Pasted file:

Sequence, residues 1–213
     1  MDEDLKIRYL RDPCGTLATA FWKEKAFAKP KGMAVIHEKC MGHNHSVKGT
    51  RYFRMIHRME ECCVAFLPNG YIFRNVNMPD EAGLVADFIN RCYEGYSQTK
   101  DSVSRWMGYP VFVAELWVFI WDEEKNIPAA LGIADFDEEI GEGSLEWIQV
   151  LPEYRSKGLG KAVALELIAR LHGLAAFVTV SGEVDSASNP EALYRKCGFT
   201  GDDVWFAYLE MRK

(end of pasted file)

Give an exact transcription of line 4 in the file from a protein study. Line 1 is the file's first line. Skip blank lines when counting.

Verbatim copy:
   101  DSVSRWMGYP VFVAELWVFI WDEEKNIPAA LGIADFDEEI GEGSLEWIQV